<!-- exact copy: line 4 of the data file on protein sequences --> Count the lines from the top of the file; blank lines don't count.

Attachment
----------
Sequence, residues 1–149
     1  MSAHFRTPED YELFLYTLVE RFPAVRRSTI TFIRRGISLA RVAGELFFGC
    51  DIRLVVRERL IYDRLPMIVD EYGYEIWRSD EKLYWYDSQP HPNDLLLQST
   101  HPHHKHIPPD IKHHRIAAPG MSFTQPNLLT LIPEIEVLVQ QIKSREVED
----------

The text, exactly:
   101  HPHHKHIPPD IKHHRIAAPG MSFTQPNLLT LIPEIEVLVQ QIKSREVED